At a Montréal public grade school, an Algerian immigrant is hired to replace a popular teacher who committed suicide in her classroom. While helping his students deal with their grief, his own recent loss is revealed.
Georges and Anne are an octogenarian couple. They are cultivated, retired music teachers. Their daughter, also a musician, lives in Britain with her family. One day, Anne has a stroke, and the couple's bond of love is severely tested.
Teacher François Marin and his colleagues are preparing for another school year teaching at a racially mixed inner city high school in Paris. The teachers talk to each other about their prospective students, both the good and the bad. The teachers collectively want to inspire their students, but each teacher is an individual who will do things in his or her own way to achieve the results they desire. They also have differing viewpoints on the students themselves, and how best to praise and discipline them. The administration of the school tries to be as fair as possible, which includes having student representatives sit on the student evaluation committee. Marin's class this year of fourteen and fifteen year olds is no different than previous years, although the names and faces have changed. Marin tries to get through to his students, sometimes with success and sometimes resulting in utter failure. Even Marin has his breaking point, which may result in him doing things he would ... Written by
a great naturalistic film and a gem of inside-the-classroom drama
Whether you respond positively or negatively to The Class, it's hard to argue that it is authentic to a very great degree. This isn't some Hollywood pablum starring Sam Jackson or Hilary Swank or even Dangerous Minds. This is taken- and starring- from the horse's mouth, a teacher who taught in the more multi-ethnic areas of Paris and via Cantet's direction, and it involved me like few films about the educational system ever have. No little drama involving the students, or rather crucial for that matter, lack any significance for the audience because from the moment we enter the classroom with Mr. Marin the camera keeps an eye on the details. Nothing is left out that might make anyone, teacher or the variety of student, look less than human. No one comes out at the end of The Class looking like they've reached the top of the world, and no one's a real hero or villain. At worst (and it's a sad but very true little moment), one kid says simply to Mr. Marin at the end of the last class that nothing was really retained from the past nine months.
After seeing The Class it brought back so many memories of school; like the 400 Blows the Class reminds us how absolutely rotten it is to be a 13 to 15 year old school-kid, but unlike Truffaut's film this is about an institution and its functions right in the heart of the matter. The teacher in The Class, real life teacher François Bégaudeau, casts such a convincing portrait because he doesn't have to really "act" or try to pretend he's a great teacher. He just is. He cares about all of his students deeply, but he's also firm when he needs to and knows, for the most part, how to reach them without going too far or coddling. It's a fine line he needs to walk since the class, made up of an ethnic melting pot as the saying goes, is smart and intelligent, and at its best we see this class participating and really in the grip of stirring conversation, even when it's about something that Mr. Marin has to handle with tact like when a student asks bluntly if he's homosexual, or when he has to deal with a young black girl who is slagging in participating in class.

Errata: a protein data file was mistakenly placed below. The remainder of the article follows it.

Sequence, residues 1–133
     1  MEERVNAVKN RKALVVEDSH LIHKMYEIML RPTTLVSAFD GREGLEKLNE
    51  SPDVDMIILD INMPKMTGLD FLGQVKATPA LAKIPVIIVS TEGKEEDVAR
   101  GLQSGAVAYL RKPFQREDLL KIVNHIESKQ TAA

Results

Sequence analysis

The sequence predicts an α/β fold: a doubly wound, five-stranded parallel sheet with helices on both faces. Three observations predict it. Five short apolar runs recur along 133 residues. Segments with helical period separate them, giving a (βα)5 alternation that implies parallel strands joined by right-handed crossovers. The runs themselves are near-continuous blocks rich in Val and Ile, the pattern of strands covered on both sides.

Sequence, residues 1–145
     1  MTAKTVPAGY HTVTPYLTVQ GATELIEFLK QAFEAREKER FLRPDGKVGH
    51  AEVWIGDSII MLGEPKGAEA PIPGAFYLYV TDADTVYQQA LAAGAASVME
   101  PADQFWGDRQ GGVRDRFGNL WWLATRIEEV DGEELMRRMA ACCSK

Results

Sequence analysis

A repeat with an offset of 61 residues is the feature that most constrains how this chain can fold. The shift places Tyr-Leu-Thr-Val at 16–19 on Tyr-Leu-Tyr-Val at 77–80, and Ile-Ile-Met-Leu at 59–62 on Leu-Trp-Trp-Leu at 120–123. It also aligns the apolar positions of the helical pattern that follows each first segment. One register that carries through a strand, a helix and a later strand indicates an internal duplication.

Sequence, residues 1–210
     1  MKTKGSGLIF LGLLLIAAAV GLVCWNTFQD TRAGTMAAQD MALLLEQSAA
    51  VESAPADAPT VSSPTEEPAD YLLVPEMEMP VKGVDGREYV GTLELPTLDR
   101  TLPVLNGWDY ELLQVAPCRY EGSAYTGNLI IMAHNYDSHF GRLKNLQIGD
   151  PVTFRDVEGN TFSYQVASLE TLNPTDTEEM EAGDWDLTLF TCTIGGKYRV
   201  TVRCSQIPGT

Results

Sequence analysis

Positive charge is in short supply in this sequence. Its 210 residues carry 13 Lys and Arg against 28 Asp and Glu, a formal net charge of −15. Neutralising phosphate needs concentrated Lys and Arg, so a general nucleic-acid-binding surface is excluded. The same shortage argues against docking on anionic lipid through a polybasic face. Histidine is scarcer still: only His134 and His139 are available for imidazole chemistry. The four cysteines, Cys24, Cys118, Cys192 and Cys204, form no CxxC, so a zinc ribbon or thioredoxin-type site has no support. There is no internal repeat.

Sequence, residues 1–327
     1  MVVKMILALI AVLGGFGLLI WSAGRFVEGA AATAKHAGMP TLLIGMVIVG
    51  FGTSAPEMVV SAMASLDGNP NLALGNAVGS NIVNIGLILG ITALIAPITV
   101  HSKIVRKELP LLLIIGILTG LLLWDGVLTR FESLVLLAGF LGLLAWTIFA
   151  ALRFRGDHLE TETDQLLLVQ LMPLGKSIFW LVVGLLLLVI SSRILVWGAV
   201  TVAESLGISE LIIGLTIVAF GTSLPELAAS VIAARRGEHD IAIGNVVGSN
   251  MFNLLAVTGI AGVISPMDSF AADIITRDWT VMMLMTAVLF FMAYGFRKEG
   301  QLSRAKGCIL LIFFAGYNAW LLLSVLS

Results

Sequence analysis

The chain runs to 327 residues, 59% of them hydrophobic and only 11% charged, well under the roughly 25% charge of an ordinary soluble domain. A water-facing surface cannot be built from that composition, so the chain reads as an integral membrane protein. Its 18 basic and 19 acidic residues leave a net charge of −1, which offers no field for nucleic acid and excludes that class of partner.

It's the kind of naturalistic film-making that works because it's a synergy of the personal, of what is very well known and felt and learned about this world, and how to observe it. Some might say it's a "talking heads" movie with a pretty basic style, but the direction is wise by never getting in the way. Seeing these kids faces, and seeing the dynamic of conversations go on behind the closed doors of the faculty (some of these conversations, sometimes heated or just intense, are amazing not because of conventional dramatic power of one-side-versus-another but because of the thought put into these people, how tough decisions have to be made under certain circumstances).
It's strongest as a character piece, but also as a minor revelation into the bittersweet lot of teaching in an area like the 3/4 in Paris. There's a student who is troublesome, doesn't do work, is disruptive, but Marin wants to try and reach him. Another complication occurs due to a blow-up against a couple of chatty girls who were the "class reps" at a faculty meeting, and it sets a small chain of events that emphasizes chiefly how untenable the situation is and at the same time why it shouldn't be. This most major chunk of the film, about the student's possible expulsion, is one thing that makes The Class become even more absorbing than before, but it should be pointed out that from scene to scene nothing is left to chance. The cinema verite approach makes things move emotionally but unsentimentally; nothing is left for us to see these characters as what they are, which makes it so rewarding and heartbreaking when "things" happen as they do in movies. At one point something seemingly minor is revealed- a Chinese student, learning French little by little, may lose her mother to deportation. Not minor, it's all apart of another school day. A+
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